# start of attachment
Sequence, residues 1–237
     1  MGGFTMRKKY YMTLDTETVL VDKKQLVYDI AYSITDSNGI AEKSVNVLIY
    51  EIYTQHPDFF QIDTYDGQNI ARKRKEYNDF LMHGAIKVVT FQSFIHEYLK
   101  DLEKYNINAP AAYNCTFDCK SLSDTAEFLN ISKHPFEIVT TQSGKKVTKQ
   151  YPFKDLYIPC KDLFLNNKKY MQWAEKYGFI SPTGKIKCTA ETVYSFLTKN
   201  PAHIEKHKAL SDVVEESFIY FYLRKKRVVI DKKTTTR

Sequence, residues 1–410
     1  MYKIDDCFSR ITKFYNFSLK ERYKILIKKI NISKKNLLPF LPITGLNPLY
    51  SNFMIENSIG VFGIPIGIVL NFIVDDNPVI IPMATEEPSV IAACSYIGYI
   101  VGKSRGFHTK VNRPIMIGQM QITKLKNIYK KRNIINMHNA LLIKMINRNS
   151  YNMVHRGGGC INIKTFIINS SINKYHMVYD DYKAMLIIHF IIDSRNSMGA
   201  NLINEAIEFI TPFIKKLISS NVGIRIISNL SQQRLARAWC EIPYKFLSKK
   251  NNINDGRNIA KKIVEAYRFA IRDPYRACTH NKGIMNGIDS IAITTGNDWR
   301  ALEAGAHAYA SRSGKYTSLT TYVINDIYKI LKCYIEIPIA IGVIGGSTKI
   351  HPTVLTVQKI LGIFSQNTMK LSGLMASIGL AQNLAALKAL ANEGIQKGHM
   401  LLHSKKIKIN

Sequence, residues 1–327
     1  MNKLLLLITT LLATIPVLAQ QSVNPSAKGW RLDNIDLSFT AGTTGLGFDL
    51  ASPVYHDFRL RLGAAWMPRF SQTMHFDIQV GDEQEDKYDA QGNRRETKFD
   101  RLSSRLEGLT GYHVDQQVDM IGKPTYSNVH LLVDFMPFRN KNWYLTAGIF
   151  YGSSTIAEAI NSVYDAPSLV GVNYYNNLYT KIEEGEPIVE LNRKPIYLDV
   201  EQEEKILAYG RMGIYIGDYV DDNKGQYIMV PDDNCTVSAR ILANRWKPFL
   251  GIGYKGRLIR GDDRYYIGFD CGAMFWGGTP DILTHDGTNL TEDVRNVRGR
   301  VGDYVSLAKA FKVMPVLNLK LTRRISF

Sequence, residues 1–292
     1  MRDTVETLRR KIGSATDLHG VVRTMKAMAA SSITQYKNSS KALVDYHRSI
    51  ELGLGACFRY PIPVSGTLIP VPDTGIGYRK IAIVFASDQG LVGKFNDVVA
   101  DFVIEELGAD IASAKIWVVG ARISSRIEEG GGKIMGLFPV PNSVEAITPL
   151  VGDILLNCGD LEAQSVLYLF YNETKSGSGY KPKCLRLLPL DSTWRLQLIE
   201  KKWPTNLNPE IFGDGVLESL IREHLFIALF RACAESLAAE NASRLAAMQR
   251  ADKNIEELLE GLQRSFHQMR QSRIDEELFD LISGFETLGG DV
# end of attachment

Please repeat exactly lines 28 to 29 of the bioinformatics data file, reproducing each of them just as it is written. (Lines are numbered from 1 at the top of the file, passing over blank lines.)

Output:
   101  DFVIEELGAD IASAKIWVVG ARISSRIEEG GGKIMGLFPV PNSVEAITPL
   151  VGDILLNCGD LEAQSVLYLF YNETKSGSGY KPKCLRLLPL DSTWRLQLIE